It's one of those overcast Cincinnati winter afternoons, and the city's premier journeyman Jazz pianist slips into this posture nearly every time he's asked a question about his far-reaching musical history in Cincinnati or about Red and Orange, his newly released "first" album as a leader.
Recorded in New York City with bassist Drew Gress and drummer Jeff Ballard, Red and Orange is a sophisticated, bright and shimmering collection comprising half originals and half standards. It's an album requiring a Sunday morning listening, a la Bill Evans' Sunday at the Village Vanguard.
Schmidt hooked up with Gress and Ballard on the recommendation of pianists Alex Smith and Fred Hersch, a native Cincinnatian-cum-New Yorker whom Schmidt met in high school.
The trio rehearsed for two hours and recorded the album in five.
"It's the spartan, old-school Jazz approach," Schmidt says. "Those guys played so well I kept my cool, internally, not getting nervous."
Schmidt, 49, has decades of practice at bandstand, rehearsal and recording decorum. When pressed, he surmises he knows somewhere around 2,000 songs and has played on 45 recordings, from The Blue Wisp Big Band to the Count Basie Orchestra.
Schmidt exists among a rare breed of musicians, regardless of geography or genre, because he has name recognition, a dependable mastery of his instrument, soul and, most importantly, he doesn't have to work another job to do what he was born to do. Schmidt hasn't worked a non-musical job since 1976 when he was employed at the Cincinnati Zoo.
"I never told myself I wanna be a professional musician," he says of his formative years playing first Blues guitar. "I just wanted to play music. I didn't know how I was going to make a living."
Once he switched to piano before college and drew nearer to Jazz, Schmidt started playing with area black musicians like Jim Anderson and Bobby Scott, which got him playing before black crowds around town. Later, he became Bill Caffie's sidekick, lengthening his tenure with black audiences and breaking, in reverse, Cincinnati's sometimes segregated Jazz community.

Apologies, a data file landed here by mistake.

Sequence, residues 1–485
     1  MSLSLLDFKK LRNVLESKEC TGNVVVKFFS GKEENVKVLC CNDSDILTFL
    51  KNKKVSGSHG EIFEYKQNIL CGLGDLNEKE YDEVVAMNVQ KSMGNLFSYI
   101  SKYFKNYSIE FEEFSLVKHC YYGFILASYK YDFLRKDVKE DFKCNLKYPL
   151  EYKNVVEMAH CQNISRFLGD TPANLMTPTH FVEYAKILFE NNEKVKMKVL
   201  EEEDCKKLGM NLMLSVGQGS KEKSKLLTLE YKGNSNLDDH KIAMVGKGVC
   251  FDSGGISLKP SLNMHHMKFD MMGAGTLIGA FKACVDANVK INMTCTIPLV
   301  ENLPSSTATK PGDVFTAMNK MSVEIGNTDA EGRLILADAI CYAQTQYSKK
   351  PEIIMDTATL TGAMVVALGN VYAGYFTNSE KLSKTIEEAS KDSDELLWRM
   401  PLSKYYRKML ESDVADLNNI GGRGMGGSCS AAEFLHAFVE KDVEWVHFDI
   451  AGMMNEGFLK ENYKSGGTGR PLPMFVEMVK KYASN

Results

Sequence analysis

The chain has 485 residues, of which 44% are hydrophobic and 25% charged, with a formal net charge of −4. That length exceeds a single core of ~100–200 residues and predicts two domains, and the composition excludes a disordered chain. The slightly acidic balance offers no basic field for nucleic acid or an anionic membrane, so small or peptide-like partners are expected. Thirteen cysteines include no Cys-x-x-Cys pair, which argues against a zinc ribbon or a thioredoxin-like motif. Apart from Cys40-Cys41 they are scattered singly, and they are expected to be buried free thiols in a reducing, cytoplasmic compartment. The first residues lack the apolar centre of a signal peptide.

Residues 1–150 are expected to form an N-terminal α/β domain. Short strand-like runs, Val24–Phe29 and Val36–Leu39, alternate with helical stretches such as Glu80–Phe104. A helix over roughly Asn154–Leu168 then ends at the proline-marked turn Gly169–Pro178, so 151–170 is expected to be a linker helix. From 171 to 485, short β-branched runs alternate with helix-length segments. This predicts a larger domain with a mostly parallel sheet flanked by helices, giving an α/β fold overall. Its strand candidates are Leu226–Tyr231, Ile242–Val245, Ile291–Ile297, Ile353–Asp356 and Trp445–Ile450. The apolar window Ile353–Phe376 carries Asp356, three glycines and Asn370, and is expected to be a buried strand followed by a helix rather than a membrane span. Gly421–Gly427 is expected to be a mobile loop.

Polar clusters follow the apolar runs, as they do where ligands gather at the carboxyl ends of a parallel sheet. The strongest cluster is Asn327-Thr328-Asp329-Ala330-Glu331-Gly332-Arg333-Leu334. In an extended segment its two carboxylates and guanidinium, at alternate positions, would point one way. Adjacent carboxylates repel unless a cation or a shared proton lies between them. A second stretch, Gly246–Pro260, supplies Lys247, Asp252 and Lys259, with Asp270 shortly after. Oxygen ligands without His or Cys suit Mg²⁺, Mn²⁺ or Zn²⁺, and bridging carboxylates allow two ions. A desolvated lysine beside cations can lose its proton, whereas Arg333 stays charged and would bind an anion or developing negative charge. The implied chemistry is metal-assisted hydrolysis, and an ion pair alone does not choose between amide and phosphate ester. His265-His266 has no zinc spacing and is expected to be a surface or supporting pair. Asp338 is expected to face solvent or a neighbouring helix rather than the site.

"I played with a lot of black groups in a lot of black places," like the original Parktown and Club Aquarius, Schmidt says.
He was in his early twenties, still trying to be a college student while getting schooled at night. Finally, when he was 32 he received his bachelor's degree from the University of Cincinnati after 13 years.
"Still," he says, "there was no plan. Really, my music career happened naturally. I just wanted to be a good musician."
For 13 years Schmidt was the house pianist at the Blue Wisp, until he got his big break playing and touring with the Count Basie Orchestra. Presently, he splits his time between Three Speed (playing Soul with guitarist Brian Lovely and drummer Teddy Wilburn) and The Blue Birds, a seven-piece R&B, Pop, Rock and Jazz band.
Ultimately, it's the undated way Schmidt has of being hipster-cool that endears him to audiences and musicians and that imbues his playing with crispness at its edges when he's playing Jazz, stickiness when he's playing Funk or Soul on the B-3 and perfect rhythmic shading when he's propelling a big band.
Closer still, it's that Schmidt wears the soul of a white man who's spent years learning and playing intimately with black musicians. And he doesn't try to act or to play "black." It's just where Jazz lives in Steve Schmidt. A place he can't name -- unless he closes his eyes and he plays.
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